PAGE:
Myriad calls have been made for intervention in Syria. President Obama has been blamed with everything from “feeble paralysis most foul” to subcontracting “foreign policy to the likes of Qatar” and lacking principle in his national security calculus. Supposedly, Syria is an opportunity for President Obama to demonstrate that he deserved the Nobel Peace Prize awarded him in 2009. Or in John McCain’s words: President Obama’s leadership in the matter has been “shameful and disgraceful.”
Far from callous moral indifference, however, President Obama’s foreign policy appears to be motivated by a profound commitment to prudence—the acceptance of a fact that makes neo-cons writhe: that America’s ability to accomplish good is limited and that the world is complicated. In an interview at the end of January, President Obama described his struggle with the relationship between U.S. power and the evil of the world. “A big chunk of my day,” he explained,
is occupied by news of war, terrorism, ethnic clashes, violence done to innocents. And what I have to constantly wrestle with is where and when can the United States intervene or act in ways that advance our national interest, advance our security, and speak to our highest ideals and sense of common humanity. And as I wrestle with those decisions, I am more mindful probably than most of not only our incredible strengths and capabilities, but also our limitations.
These are not the thoughts of a Machiavellian practitioner of realpolitik, nor are they those of an armed idealist on a crusade to irradiate evil, nor are they the thoughts of a naïve utopian seeking to remake the world in America’s image. Rather, they are profoundly Niebuhrian. Perhaps this should be no surprise. In 2007, while still a senator, Obama famously declared Reinhold Niebuhr one of his “favorite philosophers”: “I take away [from his works],” he said, “the compelling idea that there’s serious evil in the world, and hardship and pain. And we should be humble and modest in our belief we can eliminate those things. But we shouldn’t use that as an excuse for cynicism and inaction.” In other words, good and evil exist in unresolved and unresolvable tension—and we’re caught up in the paradox, and we make the best of it that we can.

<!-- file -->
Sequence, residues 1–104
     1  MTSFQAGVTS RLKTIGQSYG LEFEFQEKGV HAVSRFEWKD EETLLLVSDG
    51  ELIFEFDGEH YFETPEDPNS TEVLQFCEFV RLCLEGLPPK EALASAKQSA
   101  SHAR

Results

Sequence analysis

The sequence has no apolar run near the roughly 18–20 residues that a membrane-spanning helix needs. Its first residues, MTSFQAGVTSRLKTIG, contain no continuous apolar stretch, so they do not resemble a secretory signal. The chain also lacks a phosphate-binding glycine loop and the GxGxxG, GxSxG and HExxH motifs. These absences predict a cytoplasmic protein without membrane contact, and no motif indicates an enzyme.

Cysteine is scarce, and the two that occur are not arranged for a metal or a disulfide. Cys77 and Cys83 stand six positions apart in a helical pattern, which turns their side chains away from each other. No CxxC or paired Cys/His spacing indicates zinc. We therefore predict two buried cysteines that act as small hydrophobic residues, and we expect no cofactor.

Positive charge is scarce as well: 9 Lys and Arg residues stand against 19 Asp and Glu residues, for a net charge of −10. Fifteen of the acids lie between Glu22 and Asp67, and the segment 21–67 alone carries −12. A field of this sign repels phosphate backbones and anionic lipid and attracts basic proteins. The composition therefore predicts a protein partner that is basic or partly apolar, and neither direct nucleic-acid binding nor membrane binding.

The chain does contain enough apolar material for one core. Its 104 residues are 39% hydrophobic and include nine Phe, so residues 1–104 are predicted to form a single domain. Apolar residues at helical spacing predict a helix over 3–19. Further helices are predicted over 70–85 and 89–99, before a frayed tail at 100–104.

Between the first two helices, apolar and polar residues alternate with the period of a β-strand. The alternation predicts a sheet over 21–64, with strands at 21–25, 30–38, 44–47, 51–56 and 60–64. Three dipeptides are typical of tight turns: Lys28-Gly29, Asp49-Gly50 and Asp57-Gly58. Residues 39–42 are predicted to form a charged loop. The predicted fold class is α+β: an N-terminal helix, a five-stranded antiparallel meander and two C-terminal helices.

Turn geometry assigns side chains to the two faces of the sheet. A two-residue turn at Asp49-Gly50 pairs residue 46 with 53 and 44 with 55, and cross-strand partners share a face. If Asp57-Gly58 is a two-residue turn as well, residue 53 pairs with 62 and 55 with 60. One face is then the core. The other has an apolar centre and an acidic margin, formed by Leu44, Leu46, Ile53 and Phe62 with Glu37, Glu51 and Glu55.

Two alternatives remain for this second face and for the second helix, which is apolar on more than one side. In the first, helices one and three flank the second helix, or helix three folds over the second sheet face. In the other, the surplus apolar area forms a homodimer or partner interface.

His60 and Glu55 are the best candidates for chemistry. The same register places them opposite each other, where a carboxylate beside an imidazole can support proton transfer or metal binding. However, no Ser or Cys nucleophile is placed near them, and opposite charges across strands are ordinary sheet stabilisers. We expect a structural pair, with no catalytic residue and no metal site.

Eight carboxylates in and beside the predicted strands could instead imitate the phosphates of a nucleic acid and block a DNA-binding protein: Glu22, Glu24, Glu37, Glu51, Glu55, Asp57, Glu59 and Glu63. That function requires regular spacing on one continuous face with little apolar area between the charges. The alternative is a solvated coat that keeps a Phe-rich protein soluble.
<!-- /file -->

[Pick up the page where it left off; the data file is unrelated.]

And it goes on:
Writing at the beginning of the Cold War, Niebuhr, perhaps the most influential American theologian of the twentieth century, warned that “even the most powerful nations cannot master their own destiny,” much less manage history. He asked instead for “a sense of modesty about the virtue, wisdom and power available to us for the resolution of [history’s] perplexities.” Where others spoke of inevitability, he spoke of hubris. Where others spoke of certainty, he begged for self-examination. Where others demanded solutions, he pleaded for caution.
President Obama’s foreign policy towards Syria has reflected both America’s intense opposition to new wars in the Middle East and his own recognition of the limits of power and the reality of tragedy. For his prudence, President Obama should be praised. And as for the ire of the intellectuals, perhaps they should stop criticizing President Obama long enough to ponder Niebuhr’s words: “The recalcitrant forces in the historical drama have a power and persistence beyond our reckoning.”
Jared McKinney studied history at Patrick Henry College and is a graduate student in defense and strategic studies at Missouri State University (Fairfax, VA).
Photo: U.S. President Barack Obama speaks in the State Dining Room of the White House in Washington, January 24, 2013. REUTERS/Larry Downing